One of my most tried and true draft strategies is to wait as long as possible before drafting my fantasy catcher.

Without question, San Francisco Giants catcher Buster Posey will be the first backstop drafted this year. In fact, he’s a borderline first-round pick using average draft position (ADP) data from Mock Draft Central, as he’s currently the 13th overall pick, on average, in their mock drafts.

While I would not take Posey with the 13th (or earlier) pick, I would consider using an early-round pick in the unlikely scenario that he slips to Round 3.

Since he’s also used at first base, Posey played a league-high 148 games and finished second in at-bats (530) behind Minnesota’s Joe Mauer (545) among the catcher-eligible players. Only six catchers finished the year with 500-plus at-bats and only 14 of them had 400-plus at-bats.

Not only did he get the opportunities (plate appearances), he made the most of the them.

Posey, the reigning NL Most Valuable Player, led the majors with a .336 average en route to his first batting title. Although three catchers had more homers than Posey (24), he was only four off the leaderColorado’s Wilin Rosario (28). In addition, Posey led all catchers in runs batted in (103), with 15 more than Arizona’s Miguel Montero, who finished second.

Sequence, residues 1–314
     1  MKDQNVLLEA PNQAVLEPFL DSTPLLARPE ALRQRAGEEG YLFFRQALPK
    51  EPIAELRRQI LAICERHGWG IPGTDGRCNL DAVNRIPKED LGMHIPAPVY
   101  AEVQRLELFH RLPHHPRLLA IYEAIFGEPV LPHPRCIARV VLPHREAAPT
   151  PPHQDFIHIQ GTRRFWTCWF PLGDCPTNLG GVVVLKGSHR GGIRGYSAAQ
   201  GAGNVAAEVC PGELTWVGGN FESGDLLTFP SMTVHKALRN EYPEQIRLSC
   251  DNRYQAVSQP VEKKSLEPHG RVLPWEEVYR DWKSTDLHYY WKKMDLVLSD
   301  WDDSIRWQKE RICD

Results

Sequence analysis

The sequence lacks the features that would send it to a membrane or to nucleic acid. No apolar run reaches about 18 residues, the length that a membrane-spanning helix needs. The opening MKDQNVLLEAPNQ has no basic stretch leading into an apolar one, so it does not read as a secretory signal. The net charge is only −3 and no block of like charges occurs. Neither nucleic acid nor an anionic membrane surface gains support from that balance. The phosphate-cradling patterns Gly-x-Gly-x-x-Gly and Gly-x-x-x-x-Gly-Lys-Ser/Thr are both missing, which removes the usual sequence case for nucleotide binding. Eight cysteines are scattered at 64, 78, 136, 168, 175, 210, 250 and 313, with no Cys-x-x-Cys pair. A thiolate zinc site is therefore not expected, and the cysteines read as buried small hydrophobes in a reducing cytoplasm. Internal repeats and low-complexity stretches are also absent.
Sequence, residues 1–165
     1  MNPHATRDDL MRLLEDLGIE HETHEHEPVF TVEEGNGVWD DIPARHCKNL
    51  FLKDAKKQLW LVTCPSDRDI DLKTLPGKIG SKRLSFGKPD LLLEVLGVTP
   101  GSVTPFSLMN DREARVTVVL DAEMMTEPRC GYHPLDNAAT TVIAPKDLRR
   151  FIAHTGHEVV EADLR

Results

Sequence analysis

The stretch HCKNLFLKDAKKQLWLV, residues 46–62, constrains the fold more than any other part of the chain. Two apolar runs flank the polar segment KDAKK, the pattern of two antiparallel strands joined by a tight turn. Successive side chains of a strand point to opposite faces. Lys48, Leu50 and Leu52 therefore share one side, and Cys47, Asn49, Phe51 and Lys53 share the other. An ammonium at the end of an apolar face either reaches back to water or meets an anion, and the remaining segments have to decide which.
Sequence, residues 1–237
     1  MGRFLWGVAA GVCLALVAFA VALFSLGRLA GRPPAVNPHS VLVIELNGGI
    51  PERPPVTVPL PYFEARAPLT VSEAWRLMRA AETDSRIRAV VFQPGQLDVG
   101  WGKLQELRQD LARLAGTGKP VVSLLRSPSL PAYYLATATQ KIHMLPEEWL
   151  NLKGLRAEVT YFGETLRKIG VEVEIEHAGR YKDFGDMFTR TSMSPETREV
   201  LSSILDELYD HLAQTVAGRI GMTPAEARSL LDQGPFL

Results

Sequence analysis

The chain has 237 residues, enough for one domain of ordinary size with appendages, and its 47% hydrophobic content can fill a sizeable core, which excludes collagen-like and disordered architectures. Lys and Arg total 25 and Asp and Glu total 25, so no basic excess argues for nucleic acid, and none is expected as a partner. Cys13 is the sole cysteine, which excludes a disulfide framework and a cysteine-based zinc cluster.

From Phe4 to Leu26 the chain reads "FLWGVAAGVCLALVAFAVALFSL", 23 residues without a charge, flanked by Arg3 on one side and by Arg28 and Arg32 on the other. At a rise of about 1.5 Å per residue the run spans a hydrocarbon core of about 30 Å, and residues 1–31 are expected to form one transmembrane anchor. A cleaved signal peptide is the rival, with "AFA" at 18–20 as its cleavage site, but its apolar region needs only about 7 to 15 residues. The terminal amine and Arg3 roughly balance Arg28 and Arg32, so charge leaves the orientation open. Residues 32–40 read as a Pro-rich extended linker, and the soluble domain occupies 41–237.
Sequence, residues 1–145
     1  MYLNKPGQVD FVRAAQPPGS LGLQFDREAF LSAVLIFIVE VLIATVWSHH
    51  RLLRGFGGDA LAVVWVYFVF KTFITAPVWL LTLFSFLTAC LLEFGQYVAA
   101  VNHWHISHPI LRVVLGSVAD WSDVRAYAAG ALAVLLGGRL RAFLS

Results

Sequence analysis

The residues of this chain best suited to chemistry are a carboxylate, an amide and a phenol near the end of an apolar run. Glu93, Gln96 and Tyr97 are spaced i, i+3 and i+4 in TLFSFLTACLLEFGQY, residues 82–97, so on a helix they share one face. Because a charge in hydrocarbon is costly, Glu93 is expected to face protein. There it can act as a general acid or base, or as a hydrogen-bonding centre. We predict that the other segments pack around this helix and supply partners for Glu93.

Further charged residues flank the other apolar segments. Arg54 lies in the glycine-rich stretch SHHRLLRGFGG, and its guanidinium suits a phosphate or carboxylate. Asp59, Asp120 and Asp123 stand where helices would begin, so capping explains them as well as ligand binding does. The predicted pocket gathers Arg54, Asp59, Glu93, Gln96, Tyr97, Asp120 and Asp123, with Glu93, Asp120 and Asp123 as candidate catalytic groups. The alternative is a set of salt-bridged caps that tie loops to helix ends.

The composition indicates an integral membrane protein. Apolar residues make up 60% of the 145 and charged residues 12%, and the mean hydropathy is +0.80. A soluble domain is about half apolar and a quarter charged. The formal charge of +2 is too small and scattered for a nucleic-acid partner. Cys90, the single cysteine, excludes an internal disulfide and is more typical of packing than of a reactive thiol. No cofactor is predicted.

Unfortunately for Posey and his fantasy owners, he plays in a pitcher’s park and the vast majority of his home runs came on the road last year. While that trend should continue, he actually hit for a higher average at home (.343) than he did on the road (.330) last year.



Barring injury, Posey is the surest of sure things behind the plate. He may not finish with a line of .336/24/103 again, but .310/20/80 is a more-than-reasonable projection, with plenty of upside of a much better year.


Salvador Perez: Nice value at ADP of 134

If you speak Spanish, you know that “salvador” translates to savior.

While Kansas City’s Salvador Perez will not literally be your team’s “savior,” he’s a really good option at catcher and available relatively late. With an ADP of 134 (via Mock Draft Central), he’s the 11th catcher off the board.

After returning from knee surgery, the 22-year-old hit .301 with 11 homers in 76 games in 2012. Provided he stays healthy for a full season, Perez has the potential to hit .300 with around 20 home runs and 75 runs batted in this year.

Even though he walked in only 4.7 percent of his at-bats in the second half, only two catchers with at least 100 at-bats had a better (lower) strikeout rate than Perez (9.7 percent). Using data from FanGraphs, only Cincinnati catcher Ryan Hanigan (8.5 percent) and St. Louis catcher Yadier Molina (9.6 percent) had better rates.



Perhaps my projections are a bit too optimistic. That said, only three catchers hit .300 with 15 home runs last year: Posey, Yadier Molina and Carlos Ruiz.


Some More Catcher Notes